This background information from the medical literature led our group to a systematic study of primary cardiac sarcoma, in an attempt to better define this difficult disease and to improve the poor prognosis associated with it. We classify primary cardiac sarcoma by location rather than by cell type, because we have found that cell type does not affect prognosis or treatment planning—but anatomic location does. We divide these tumors into right-heart sarcomas, left-heart sarcomas, and pulmonary artery sarcomas.4,5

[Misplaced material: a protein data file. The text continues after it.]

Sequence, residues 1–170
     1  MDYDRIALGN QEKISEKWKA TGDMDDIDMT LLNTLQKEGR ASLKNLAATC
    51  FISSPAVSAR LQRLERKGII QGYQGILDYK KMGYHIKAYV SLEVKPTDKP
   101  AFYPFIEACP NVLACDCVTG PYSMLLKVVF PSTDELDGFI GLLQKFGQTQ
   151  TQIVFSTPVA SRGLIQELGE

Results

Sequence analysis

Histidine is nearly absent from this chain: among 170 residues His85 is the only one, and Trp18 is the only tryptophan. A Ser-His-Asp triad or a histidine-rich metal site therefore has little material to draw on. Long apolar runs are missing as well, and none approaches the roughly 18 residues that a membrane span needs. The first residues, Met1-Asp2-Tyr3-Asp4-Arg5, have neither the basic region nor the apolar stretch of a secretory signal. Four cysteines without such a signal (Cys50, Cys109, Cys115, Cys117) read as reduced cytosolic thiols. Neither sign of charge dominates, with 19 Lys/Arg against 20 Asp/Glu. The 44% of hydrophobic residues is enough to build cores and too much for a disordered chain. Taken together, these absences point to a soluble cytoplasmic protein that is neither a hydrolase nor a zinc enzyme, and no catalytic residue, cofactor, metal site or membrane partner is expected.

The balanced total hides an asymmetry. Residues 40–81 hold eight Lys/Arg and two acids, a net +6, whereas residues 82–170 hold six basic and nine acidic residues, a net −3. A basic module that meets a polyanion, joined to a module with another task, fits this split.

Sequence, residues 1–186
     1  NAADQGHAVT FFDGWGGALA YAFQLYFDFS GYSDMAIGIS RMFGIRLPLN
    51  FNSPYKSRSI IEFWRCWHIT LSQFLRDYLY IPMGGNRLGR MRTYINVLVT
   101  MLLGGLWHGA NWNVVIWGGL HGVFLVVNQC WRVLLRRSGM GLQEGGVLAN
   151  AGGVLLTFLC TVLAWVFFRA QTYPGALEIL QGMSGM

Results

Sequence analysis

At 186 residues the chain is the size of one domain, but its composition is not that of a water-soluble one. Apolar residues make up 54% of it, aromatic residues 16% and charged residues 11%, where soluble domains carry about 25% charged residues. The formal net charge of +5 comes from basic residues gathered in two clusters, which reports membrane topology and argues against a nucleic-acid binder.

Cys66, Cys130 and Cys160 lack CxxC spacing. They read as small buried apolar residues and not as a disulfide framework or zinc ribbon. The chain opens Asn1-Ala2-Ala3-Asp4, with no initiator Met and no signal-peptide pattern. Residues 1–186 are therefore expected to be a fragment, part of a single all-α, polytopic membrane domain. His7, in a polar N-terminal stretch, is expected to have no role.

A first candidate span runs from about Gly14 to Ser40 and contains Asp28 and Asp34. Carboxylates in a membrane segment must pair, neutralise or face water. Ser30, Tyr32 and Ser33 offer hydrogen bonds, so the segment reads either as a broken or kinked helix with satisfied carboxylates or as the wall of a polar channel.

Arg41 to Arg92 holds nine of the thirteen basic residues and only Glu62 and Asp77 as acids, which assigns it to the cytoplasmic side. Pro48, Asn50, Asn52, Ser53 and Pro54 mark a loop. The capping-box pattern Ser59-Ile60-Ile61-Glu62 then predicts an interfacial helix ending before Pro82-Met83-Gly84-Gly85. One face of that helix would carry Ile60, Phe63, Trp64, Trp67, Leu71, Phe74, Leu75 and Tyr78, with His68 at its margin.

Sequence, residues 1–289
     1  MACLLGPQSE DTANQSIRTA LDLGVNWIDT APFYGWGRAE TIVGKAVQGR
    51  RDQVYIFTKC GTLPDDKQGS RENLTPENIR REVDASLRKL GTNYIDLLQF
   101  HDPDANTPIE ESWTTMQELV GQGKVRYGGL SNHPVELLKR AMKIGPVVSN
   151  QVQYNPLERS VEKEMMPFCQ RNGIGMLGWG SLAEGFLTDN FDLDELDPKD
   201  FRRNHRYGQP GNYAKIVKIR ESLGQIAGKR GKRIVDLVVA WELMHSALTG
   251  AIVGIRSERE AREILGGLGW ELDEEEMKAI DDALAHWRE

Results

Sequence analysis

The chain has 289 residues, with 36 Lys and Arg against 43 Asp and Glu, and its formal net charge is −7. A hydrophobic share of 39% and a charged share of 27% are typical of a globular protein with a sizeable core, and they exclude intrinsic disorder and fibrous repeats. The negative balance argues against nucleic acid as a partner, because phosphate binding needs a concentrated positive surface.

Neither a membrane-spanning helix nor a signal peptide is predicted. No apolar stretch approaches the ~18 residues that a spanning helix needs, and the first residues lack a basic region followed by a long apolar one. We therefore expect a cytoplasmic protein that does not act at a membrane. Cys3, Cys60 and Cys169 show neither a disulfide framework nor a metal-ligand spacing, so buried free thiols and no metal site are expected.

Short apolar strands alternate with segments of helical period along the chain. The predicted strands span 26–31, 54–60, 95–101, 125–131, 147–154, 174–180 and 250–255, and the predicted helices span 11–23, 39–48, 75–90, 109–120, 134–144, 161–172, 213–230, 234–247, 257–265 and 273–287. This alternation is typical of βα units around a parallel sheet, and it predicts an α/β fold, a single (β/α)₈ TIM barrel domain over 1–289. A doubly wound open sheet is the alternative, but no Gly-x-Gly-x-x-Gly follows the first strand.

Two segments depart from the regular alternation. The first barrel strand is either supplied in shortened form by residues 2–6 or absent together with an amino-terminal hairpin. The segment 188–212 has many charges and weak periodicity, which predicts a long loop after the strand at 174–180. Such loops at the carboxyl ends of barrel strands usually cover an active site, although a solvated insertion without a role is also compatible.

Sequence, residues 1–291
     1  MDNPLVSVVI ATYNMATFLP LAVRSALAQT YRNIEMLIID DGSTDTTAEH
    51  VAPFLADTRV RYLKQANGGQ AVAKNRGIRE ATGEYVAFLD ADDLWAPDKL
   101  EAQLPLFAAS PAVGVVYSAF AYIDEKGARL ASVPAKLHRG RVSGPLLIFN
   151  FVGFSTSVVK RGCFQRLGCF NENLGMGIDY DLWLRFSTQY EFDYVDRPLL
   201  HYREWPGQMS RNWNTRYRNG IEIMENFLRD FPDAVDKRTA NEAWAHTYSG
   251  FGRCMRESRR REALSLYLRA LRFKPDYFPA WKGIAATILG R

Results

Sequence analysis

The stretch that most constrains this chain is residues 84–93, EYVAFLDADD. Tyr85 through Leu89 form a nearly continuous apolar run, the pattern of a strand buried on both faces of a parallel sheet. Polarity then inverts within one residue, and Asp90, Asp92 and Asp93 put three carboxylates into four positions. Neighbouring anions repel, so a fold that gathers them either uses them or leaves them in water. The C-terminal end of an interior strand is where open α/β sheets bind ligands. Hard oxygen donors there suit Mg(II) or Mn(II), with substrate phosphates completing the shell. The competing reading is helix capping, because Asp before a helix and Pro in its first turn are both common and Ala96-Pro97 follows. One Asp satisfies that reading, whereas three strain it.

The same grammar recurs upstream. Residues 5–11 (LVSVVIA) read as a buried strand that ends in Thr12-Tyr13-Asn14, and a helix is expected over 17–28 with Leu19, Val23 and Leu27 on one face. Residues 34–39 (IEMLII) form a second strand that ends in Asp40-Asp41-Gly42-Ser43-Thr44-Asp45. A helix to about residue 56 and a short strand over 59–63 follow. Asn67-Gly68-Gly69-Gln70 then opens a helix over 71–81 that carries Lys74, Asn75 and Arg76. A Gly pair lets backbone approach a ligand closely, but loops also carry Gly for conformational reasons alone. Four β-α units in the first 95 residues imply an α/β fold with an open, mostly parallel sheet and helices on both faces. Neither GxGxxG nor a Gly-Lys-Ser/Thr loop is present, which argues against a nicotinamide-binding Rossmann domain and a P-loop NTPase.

Right-heart sarcomas tend to be bulky and infiltrative, and to metastasize early. Their bulk often extends to the exterior of the heart, and it is uncommon for patients to develop right-heart failure from obstruction until very late in the course of the disease. Because these tumors usually do not present with heart failure or imminent threat of heart failure, we advise neoadjuvant chemotherapy. Neoadjuvant chemotherapy allows us to shrink these usually large tumors, to increase the possibility of achieving an R0 resection and better outcome. These tumors tend to have infiltrating “fingers” of microscopic disease extending from the periphery of the tumor, and it is hoped that neoadjuvant therapy will decrease these. We have operated on 22 patients with right-heart sarcoma: 13 men and 9 women, with a mean age of 48 years. Fifteen of these tumors were angiosarcomas. The operative mortality rate was 9% (2/22). We could achieve an R0 resection in only a third of our patients, which highlights the infiltrative nature of right-heart sarcoma. The median survival time was 27 months; the longest-surviving patient is alive at 9.5 years. We are currently completing analysis of this patient cohort for publication.